Wednesday, October 20, 2010

Leaning On My Favorite Drawing Aids

     Today’s post will be strictly informative and to the point.  I want to cover three of my favorite drawing aids.  They encompass and are tailored to specific, yet different situations.  They are the 1/10ths clear sewing ruler, the proportional divider and the 10” knitting needle.
     As you know, I am a fan of measuring my drawing as I go.  I suggest adopting an Atelier-style drawing program as a good starting point, and then tailoring it to your specific needs.

     Let’s start with my favorite tool:  the clear 1/10th sewing ruler.  The portrait artist Chris Saper turned me on to this little gem about 5 years ago, while we were both exhibiting at a show.  The strength of the 1/10th ruler is its’ use for drawing “from the flat”, as the atelier school would call it.  The 1/10th ruler is also valuable when working from photos.  Size your photo to the size of your painting and start your drawing like my early post titled Cowboy Demo Day 1.   The drawing is dated Wednesday, July 21, 2010.  This post gives detailed information on using the ruler.

     My second favorite drawing aid is best used in a life-drawing atmosphere, utilizing either the cast or the live model.  I have used it on both and find it a necessary friend when measuring from life.  If you have ever used the sight size method, you probably have used your pencil or brush handle for this purpose.  I like having a tool designated for the job at hand.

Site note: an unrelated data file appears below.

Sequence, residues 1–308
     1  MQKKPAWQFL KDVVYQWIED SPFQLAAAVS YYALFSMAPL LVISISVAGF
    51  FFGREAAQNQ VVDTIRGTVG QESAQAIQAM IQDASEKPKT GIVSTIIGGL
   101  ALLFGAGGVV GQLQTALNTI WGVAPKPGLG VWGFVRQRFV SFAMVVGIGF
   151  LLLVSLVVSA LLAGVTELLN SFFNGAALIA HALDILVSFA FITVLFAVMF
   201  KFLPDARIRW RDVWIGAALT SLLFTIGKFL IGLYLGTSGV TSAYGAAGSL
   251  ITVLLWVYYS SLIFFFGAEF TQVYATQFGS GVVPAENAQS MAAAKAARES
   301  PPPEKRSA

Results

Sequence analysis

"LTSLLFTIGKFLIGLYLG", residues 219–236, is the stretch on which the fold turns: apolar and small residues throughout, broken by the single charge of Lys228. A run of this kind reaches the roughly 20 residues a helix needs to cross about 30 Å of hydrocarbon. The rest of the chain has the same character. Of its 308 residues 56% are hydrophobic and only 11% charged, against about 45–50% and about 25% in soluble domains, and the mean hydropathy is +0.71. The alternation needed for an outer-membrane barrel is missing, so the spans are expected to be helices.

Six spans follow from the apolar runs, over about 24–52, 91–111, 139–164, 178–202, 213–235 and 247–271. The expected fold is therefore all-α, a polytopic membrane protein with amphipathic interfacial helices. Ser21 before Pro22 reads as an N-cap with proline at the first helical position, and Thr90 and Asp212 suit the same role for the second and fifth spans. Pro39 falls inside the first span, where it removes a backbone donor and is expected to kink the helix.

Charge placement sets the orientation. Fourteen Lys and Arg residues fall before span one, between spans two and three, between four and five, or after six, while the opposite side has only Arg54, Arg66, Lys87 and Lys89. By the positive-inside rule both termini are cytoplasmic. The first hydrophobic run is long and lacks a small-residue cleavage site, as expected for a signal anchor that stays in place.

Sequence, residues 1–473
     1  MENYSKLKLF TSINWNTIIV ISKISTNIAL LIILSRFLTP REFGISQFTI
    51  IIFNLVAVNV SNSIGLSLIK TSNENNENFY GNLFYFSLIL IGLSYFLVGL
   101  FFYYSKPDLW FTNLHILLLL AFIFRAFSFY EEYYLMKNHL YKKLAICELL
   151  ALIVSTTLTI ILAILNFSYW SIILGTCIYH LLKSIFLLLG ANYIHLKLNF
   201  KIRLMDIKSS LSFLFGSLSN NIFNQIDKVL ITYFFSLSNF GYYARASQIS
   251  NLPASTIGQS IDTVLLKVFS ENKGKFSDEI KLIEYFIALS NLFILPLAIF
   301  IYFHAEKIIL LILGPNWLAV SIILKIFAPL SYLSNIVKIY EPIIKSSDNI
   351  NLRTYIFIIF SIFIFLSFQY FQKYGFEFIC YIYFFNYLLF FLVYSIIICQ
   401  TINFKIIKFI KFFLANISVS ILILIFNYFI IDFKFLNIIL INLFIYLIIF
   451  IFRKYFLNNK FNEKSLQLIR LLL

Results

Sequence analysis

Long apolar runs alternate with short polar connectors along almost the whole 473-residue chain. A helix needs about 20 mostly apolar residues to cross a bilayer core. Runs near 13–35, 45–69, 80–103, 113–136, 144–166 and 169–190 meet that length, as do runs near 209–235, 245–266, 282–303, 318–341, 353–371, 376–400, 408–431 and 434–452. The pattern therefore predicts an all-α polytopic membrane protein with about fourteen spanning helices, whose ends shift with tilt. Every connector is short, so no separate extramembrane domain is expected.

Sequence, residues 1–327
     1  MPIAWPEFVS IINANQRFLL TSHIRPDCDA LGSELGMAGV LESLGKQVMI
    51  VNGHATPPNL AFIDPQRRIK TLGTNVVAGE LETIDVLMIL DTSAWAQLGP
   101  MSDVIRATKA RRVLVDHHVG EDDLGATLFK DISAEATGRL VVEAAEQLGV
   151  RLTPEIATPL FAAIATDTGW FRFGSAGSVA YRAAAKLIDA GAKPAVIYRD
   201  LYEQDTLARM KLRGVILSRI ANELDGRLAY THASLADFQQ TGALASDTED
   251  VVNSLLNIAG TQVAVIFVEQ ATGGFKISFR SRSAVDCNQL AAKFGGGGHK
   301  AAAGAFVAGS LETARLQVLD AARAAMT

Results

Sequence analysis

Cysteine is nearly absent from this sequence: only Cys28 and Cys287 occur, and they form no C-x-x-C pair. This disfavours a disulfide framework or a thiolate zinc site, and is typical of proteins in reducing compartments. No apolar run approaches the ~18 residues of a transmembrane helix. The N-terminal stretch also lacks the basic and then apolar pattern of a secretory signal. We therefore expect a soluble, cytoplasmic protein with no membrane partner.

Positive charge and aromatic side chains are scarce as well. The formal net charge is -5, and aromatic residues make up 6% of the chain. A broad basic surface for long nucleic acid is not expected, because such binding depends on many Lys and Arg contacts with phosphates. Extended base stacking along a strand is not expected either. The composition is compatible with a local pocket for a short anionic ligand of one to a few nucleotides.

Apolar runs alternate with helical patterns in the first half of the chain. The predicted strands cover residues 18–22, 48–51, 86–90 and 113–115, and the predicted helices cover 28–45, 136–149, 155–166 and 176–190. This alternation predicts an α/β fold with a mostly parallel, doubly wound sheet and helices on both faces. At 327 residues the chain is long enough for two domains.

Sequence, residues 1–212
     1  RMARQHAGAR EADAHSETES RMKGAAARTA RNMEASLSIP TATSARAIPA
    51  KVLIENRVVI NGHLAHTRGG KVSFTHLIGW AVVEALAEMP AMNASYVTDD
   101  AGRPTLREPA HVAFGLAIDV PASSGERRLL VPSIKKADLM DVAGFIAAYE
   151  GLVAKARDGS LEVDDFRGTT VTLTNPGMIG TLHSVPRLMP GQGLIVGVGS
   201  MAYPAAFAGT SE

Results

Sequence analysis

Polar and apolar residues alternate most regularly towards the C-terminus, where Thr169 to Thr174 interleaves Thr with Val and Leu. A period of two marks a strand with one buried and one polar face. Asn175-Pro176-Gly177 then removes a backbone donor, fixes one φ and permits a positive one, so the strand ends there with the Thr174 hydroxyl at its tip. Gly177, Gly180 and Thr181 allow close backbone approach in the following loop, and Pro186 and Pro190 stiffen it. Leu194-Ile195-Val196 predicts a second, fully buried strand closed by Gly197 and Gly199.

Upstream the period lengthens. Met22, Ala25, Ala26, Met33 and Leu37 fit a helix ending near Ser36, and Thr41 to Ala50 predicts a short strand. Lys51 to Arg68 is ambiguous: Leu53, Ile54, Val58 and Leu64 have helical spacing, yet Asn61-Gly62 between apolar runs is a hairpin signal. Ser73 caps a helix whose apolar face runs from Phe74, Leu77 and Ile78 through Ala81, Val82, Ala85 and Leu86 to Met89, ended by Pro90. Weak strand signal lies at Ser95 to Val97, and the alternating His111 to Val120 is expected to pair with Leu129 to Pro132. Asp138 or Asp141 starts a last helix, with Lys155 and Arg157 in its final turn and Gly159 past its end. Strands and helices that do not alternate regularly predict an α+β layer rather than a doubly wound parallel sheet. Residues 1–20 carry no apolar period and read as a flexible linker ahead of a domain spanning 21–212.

A Canadian artist named Juan Martinez gives a great demo in one of the back issues of International Artist.  (Issue #42-47, “The Academy Way).  You can call them to order previous issues.  Please consider adding the sight size method to your drawing arsenal.
     My final drawing aid is a great tool when working from life and you wish to enlarge or reduce the size of your subject in relation to your canvas.  The device is called a proportional divider.  By measuring off the small end and using the opposite larger end, you can enlarge your drawing proportionally.  This tool is somewhat difficult to describe in print, and requires some tinkering to get familiar with, but it is a great drawing resource.  You can get one from Mark Carder, who has demonstrated a great drawing and painting method that I feel is worth viewing.  Check out Mark’s great DVD series and you can purchase his divider at
     I’ve just lightly touched on these drawing aids, but you will find them all a welcome friend around your studio.  No doubt, if you are reading this blog, you are a self-starter, so take the initiative and start teaching yourself to use these drawing aids.  They will increase the accuracy and quality of your drawings.  Good luck!

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